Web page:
Let’s talk about book reviews on Amazon.com.
I’ve published two novels, both of which have been reviewed around twenty times each on Amazon, and I’ll be the first to admit that most of those reviews were written by people I know. The reason I know this is because I asked them to write the reviews. In some cases I begged. The idea being that perhaps I could somehow influence the purchasing decision of the odd person who happened across one of my novels online.
Then again, any cogent book reader probably knows we authors do this. If your novel boasts twenty five-star reviews but checks in as Amazon’s 454,361st best-selling book, some of those reviews were probably written by your sister or your mother or friends who are also writers. So who knows how much this fakery really helps?
I just tallied the reviews of those two novels, removing the biased ones, and arrived at an average of 3.4 stars. Actually, that was the exact result for each book, so I’d say, even considering the small sample size, 3.4 out of 5 is a fairly accurate assessment of my novel-writing skill as of book #2. Which I realize isn’t quite passing. It’s a grade of 68 out of 100, and I can do better. In the intervening time, I have done better. At least I think I have. Most of my manuscript-reading friends also think so. But these are the same people who flooded my Amazon pages with those dubious five-star ratings, so maybe they are full of shit.
I always tell people I’d rather know what doesn’t work in a book than what does. Which sounds honorable, but it’s not entirely true. When I’m having a bad day, when I’m ready to throw in the towel and move to Brazil and sing Portuguese love songs to underage girls, I like to pull out the glowing reviews so I can soak them up like sunshine. They give me hope. They motivate me to keep writing. But in the end, if I’m going to produce a book better than the last, I have to understand what I’m good at what I’m not. So please don’t pull punches. Tell me what you didn’t like. I can take it.
But wait. I was just on Amazon a few minutes ago, checking out a novel I might want to buy, so naturally I looked at the reviews. It’s not the sort of thing I would normally read, but in this case I thought it would be helpful for research. And, like most books on Amazon, the lion’s share of reviews are positive. But…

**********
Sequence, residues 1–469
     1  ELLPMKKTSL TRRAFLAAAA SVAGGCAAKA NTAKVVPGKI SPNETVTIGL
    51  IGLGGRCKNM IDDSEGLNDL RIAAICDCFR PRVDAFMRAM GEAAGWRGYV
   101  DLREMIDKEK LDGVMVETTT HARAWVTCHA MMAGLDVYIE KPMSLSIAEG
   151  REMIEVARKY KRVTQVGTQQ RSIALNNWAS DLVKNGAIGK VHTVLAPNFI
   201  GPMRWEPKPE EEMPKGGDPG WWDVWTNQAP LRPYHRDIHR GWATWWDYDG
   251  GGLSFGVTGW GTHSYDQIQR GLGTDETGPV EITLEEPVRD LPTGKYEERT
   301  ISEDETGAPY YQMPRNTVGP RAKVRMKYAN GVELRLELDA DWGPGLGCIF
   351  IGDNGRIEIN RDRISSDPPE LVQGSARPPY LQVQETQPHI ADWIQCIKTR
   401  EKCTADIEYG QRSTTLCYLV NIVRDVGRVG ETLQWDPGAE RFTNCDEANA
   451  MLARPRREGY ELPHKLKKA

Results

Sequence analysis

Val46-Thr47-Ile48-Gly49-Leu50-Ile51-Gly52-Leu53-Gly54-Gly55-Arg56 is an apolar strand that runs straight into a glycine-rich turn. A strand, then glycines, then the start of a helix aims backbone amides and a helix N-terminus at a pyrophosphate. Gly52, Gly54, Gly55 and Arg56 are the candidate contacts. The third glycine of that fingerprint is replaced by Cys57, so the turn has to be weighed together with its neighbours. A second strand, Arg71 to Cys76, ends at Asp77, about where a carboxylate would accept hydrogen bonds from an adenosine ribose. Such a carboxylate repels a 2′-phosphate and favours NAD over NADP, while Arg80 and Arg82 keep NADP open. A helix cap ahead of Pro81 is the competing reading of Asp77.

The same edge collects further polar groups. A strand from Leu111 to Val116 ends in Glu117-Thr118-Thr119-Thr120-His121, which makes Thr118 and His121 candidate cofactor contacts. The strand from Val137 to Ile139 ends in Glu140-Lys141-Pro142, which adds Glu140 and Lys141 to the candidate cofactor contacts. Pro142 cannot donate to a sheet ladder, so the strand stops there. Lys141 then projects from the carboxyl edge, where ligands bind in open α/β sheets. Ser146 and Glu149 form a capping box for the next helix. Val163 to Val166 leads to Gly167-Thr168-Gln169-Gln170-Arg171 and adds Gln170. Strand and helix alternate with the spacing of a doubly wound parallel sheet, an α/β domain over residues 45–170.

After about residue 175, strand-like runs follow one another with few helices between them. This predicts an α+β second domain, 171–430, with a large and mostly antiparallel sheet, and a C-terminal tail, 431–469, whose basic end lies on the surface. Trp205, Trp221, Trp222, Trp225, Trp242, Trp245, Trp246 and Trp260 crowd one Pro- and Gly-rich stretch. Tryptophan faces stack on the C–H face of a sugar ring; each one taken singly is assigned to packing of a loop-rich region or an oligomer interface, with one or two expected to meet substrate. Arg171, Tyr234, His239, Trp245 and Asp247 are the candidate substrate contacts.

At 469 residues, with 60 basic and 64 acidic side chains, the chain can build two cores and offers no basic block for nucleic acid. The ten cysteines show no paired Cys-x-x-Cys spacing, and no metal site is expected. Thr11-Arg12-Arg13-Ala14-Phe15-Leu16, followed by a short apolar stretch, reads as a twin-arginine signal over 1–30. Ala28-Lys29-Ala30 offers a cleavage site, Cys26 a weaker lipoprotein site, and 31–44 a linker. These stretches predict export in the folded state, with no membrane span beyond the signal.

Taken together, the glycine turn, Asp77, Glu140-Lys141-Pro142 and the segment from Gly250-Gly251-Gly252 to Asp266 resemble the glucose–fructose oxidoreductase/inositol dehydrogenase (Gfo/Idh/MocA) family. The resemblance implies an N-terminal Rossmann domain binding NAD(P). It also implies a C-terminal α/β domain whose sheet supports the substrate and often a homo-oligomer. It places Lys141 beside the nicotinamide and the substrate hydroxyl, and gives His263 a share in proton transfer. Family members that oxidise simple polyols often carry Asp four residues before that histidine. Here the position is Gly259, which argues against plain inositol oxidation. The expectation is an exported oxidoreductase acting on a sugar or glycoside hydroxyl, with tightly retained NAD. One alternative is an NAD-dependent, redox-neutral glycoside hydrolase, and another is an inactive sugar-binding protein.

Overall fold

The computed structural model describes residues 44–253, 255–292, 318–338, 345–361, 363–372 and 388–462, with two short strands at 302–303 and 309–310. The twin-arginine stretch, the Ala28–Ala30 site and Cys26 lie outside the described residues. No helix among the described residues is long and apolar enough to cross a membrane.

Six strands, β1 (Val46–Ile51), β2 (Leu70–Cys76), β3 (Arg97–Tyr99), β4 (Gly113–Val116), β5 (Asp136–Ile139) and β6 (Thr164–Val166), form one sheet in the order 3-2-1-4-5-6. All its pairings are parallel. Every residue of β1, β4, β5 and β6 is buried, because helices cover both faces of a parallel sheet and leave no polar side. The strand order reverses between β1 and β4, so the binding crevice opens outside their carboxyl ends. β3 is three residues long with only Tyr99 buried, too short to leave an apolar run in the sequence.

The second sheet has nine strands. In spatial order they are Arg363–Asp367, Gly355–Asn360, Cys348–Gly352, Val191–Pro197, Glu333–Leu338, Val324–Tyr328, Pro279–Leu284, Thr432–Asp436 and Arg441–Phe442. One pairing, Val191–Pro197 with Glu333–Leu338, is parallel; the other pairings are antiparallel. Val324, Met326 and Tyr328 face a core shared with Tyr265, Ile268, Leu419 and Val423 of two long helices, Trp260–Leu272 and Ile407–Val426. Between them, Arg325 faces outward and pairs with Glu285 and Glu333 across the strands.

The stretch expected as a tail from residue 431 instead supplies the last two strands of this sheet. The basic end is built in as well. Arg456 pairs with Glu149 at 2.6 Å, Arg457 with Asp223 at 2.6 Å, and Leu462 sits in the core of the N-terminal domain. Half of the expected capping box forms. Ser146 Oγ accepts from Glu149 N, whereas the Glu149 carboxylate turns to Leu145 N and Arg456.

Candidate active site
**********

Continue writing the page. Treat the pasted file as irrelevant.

Take a look at the titles of some less-favorable reviews:
“Good idea, bad writing.”
“A Waste of Money!”
“Hard to believe prose this inept could be published.”
“Put it down.”
“If you like clichés.”
“Waste of time.”
And that’s just from the first page of 1-star reviews. Here are some quotes from the actual reviews themselves:
You wouldn’t think that a book about [premise] would be boring and unreadable but if you read this book you’ll change your mind. The scenes are like ones from a [subject] comic, the characters never seem real or interesting and the writing is so bad that at first I thought I had somehow downloaded a joke version. No proofreaders or editors touched this book!
And then the first time I came across the phrases “could of”, “must of” and “should of” it was so jarring I couldn’t believe it escaped the editor’s notice. But then, being generous, I thought perhaps it was the writer’s way of demonstrating a local dialect. Except every character used it, including the narrator. Bad editing!
The writing style is so sophomoric that it boggles the mind to think that anyone would consider this a well-written book. I am half-way through book and about to give up. The writing style reminds me of books I used to read as an early teenager. However, this subject matter is much too important to be presented on this low level of writing.I cannot recommend it for any occasion – not for airport reading, bathroom reading, nor especially for anyone who wants to take it seriously. The clichés run rampant and the characters are cardboard.
I’m not passing judgment on the book. Maybe it appeals to one type of reader and not another. What I want to know is how you can wake up every morning and make a cup of coffee and then watch people take your work apart at that level of detail.
The book was a moderately successful bestseller, so I suppose the way you live with it is by cashing the royalty checks. Or you could just not read reviews at all. But when I scrolled through pages and pages of commentary, I noticed the author spends a lot of time responding to the negative reviews, defending himself as an educated man and the author of over forty books. He also blames the egregious grammatical mistakes on an assistant editor who was fired.
Clearly the author cares very much about what readers think about his work, especially the ones who hated it. And yet he defiantly plugs away, enduring the criticism, confident his naysayers have no clue what they’re talking about. You have to respect a guy fortified with enough built-in insulation to take that kind of daily beating. I’m not sure I could.
You know, come to think of it, he kind of reminds me of Wade Phillips.